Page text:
Tuesday, February 13, 2018


“I tell you that this man … went home justified before God. For all those who … humble themselves will be exalted.”
Luke 18: 14 (New International Version)
Exalt means held in high regard. Good when this high regard is by others, problematic when this high regard is about ourselves. In this passage, Jesus is pointing out that proper self-awareness contains a dollop of humility.
Honest humility is an endearing quality in our interaction with others.  An honest humility, backed up by a true and honest self-assessment of strengths and weaknesses, is a positive human characteristic. In contrast, few take pleasure in being in the company of those who are compelled to be the smartest person in the room: wearying.  This is hubris, a word of Greek origin.
Hubris “came to be defined as overweening presumption that leads a person to disregard the divinely fixed limits on human action in an ordered cosmos.”  Some of that bothers me, but overall, it resonates.  My take is the disregard of who we really are. When acting in a state of hubris, we are fakes, charlatans, or to put a twist on Shakespeare “a poor player, that struts and frets his hour upon the stage, and then is heard no more.”
Humility and hubris are opposites. To balance humility and hubris requires excellent emotional intelligence and a high self-awareness.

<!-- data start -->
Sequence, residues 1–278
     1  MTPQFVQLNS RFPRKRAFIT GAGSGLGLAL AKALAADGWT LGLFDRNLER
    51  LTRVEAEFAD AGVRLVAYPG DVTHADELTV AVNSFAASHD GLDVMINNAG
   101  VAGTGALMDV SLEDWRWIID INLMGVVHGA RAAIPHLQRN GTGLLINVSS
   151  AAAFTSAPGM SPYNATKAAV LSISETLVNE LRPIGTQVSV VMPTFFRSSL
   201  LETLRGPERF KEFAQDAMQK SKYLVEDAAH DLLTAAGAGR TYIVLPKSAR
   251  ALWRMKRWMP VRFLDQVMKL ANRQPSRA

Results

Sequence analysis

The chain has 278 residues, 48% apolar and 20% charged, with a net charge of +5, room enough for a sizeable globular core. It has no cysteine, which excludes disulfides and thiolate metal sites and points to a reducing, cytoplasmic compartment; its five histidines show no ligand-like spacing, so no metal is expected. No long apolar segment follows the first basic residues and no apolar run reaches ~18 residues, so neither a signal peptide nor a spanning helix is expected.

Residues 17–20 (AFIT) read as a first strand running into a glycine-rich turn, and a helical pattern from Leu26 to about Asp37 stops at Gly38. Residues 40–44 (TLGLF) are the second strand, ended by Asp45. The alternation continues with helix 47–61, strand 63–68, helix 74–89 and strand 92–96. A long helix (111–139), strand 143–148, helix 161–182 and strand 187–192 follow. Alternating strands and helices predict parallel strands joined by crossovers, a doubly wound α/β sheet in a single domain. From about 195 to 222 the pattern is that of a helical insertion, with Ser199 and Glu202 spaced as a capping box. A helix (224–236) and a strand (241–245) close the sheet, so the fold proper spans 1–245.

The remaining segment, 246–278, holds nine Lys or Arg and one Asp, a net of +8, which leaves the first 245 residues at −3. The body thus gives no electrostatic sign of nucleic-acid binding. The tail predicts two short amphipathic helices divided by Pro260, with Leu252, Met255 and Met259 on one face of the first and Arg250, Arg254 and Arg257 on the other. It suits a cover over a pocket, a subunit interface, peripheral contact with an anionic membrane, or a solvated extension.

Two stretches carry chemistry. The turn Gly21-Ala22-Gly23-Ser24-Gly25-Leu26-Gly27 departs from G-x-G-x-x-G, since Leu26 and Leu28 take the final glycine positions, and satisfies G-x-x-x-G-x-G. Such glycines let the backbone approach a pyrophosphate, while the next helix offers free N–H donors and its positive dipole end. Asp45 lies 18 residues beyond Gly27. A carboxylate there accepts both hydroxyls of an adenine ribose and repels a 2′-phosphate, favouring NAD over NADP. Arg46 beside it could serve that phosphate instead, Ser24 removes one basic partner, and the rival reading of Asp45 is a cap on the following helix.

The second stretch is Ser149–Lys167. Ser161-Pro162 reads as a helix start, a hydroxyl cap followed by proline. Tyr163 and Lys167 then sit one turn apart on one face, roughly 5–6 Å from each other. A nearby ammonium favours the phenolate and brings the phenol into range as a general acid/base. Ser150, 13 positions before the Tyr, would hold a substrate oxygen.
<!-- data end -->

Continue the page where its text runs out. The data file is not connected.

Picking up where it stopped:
Hubris is a character flaw, but too much humility can also be a flaw. What about those for whom it isn’t honest humility, but rather an unconscious inability to see ourselves as worthy, successful, fun, and all of the things that help lead to a well rounded soul? 
Self doubt eats at our very core and saps us of the strength for living life abundantly. 
Carl Jung, the noted Swiss psychiatrist, once wrote:  “Until you make the unconscious conscious, it will direct your life and you will call it fate.”
I love baseball. Former major leaguer Manny Ramirez provides an excellent example of the unconscious staying unconscious. Manny was a great hitter but less than thoughtful in the thinking elements of the game. His Hall of Fame manager Joe Torre was once asked why Manny did something less than helpful, and Joe said “it’s just Manny being Manny.” Some would say it was Manny’s fate to live in a world of self-absorption. Maybe because he could hit a baseball an incredible distance on a regular basis but not understand other elements of the game, Manny possessed what was arguably low self-awareness. He had hubris as it related to his hitting prowess, but a profound lack of honest humility in how all of that fit together to make him a complete player in all phases of the game. 
Our walk, in community, with Jesus is at least in part so that we can be complete players in all phases of the game of life. Jung would suggest this means we conduct an honest inventory of who we are. This can be tricky because, in the words of David Foster Wallace, “the most obvious, ubiquitous, important realities are often the ones that are hardest to see and talk about.”
Jesus would suggest a proper self-awareness contains a dollop of humility, the type that is healthy and interested in growth. The commendation is not to beat ourselves up over our failures, but rather to quietly assess and inventory who we are. This is done in healthy conversation with those we trust and love, on long walks alone in the creation, and a thousand other approaches to be appropriately alone or with others for the purpose of growth. 


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